Tomorrow morning, I am going to have a very surreal answer to the question, “How was your weekend?”
Well, it was great! I hiked and skied Stratton, saw United We Ski, went to an estate auction, and my parents survived a tornado.
Let me emphasize that last bit… My parents survived a tornado.
Six years ago, give or take, my parents moved from their lifelong New England haunts to a town in Illinois. If you’ve seen the news today, you might have heard the names Peoria and Washington. My parents live in Washington. Lived? Is it past-tense already? I mean, the house is still there in that it still has four walls and some roof. But sections of siding were torn off, great chunks of roof are missing, every window in the house is broken. A swing set is in the bathroom. A neighbor’s sock was on the stove. And yet – the picture of sunflowers I painted in 7th grade was still on the wall, hanging at a drunken angle. I hate that painting. I never understood why Mom liked it so much and insisted on having it framed and put on display in the most public room of our house.
My brothers and I, separated on each coast, have no idea the real extent of the damage. We have no understanding of the senseless, random havoc a tornado unleashes. We just have pictures. Mother took a photo from “five houses away,” only there’s no frame of reference anymore. There are no houses anymore. No walls. No lovingly cultivated shrubbery. Just rubble. Two-by-fours broken and sticking out at weird angles. The colorful detritus of their neighbors’ daily lives.
When I was disconnected from my mother the first time, a small voice in me said, “There it is: the end of your good luck.” But even as the voice started whispering, a larger, stronger one interrupted. “No,” this other part of me said, “you are the luckiest girl in the world.”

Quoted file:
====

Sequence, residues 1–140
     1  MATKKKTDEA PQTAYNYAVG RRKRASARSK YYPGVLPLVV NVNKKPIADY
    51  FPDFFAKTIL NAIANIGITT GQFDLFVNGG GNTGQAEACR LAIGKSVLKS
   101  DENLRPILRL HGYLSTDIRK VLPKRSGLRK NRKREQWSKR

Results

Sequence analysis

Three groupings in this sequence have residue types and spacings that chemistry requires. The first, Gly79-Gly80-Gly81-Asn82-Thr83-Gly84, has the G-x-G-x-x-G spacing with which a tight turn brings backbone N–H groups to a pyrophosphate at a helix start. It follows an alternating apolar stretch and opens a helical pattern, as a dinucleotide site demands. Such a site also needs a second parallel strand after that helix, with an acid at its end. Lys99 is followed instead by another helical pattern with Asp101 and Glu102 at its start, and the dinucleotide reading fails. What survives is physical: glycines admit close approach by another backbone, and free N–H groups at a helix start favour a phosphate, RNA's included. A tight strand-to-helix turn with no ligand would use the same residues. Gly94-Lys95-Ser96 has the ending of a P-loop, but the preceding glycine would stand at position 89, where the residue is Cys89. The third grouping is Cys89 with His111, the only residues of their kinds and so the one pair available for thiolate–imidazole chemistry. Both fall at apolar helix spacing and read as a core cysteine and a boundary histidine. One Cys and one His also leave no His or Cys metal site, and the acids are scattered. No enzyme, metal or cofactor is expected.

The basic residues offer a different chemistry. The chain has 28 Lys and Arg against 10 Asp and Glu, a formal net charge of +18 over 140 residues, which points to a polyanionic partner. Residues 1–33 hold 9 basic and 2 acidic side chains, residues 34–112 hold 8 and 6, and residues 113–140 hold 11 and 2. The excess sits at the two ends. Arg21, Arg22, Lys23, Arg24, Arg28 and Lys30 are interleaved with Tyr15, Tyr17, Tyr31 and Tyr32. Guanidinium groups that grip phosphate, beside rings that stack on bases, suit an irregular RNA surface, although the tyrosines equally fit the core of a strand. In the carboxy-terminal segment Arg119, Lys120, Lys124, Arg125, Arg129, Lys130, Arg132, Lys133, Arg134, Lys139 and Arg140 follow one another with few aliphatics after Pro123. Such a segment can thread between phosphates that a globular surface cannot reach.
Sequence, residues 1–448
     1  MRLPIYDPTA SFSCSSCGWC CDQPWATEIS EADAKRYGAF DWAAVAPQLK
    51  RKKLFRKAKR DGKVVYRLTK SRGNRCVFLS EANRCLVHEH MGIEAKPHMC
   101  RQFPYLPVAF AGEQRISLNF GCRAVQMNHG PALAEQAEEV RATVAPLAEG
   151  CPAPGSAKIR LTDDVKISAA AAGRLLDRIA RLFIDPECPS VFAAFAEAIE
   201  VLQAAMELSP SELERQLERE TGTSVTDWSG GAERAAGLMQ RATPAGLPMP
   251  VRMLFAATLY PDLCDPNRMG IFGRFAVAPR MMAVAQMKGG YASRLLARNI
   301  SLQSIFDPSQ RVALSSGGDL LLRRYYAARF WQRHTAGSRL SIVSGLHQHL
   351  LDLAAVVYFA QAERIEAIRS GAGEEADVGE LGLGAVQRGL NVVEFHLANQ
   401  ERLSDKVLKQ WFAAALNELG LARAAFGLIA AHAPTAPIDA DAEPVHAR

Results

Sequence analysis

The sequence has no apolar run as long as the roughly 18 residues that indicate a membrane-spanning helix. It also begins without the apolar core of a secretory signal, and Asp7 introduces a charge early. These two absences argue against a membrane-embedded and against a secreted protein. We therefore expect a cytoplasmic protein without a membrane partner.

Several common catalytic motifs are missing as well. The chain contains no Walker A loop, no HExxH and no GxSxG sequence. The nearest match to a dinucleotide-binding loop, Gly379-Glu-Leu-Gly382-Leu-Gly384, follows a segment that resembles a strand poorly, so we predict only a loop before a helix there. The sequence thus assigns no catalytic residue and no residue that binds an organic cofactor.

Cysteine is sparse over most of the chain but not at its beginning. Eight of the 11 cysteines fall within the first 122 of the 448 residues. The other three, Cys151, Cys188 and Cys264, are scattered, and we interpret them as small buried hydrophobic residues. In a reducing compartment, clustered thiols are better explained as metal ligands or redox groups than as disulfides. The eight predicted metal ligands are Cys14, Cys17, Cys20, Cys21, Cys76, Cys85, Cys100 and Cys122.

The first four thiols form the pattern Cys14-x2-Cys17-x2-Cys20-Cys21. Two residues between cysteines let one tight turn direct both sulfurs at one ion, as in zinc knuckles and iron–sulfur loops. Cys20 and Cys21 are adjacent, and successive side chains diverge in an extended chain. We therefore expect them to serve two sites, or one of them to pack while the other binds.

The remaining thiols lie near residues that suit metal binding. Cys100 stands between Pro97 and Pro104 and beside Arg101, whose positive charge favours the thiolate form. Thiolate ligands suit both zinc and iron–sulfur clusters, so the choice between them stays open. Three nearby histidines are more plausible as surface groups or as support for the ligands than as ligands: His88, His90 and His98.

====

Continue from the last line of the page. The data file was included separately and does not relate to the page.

When I heard my mother’s voice the second time, much calmer, focusing on the foreign sock on her beloved stove, I cried. I cried with relief and thankfulness and love. My parents are alive and unhurt – and so is that goddamn painting.
The third time I spoke to Mom, two of their local friends had already arrived and a third was just pulling in after a four hour drive from Minnesota. They sweet talked their way through the blockade (Washington, Illinois is now a disaster zone, which means limited access) to put plywood and plastic over the gaping windows. When my parents leave home tonight, they won’t know for sure when they’ll be let back in. They don’t know if looters will come in the night and pick through the remains. But I told her it didn’t matter. All that stuff’s just stuff. We’ll get her new pottery, buy Dad a new bicycle. We’ll replace all of those things. The detritus doesn’t matter. What matters is that we have them: Mom and Dad. (And the painting. No one in their right mind would steal that painting.)
This puts me in mind of The Burning House project – a collection of photographic responses to the question “what would you take with you?” The answer: Nothing, nothing. Just this. Just life.
Of course, not everyone in Washington and the surrounding areas were as lucky as my parents. Please keep their neighbors in your hearts.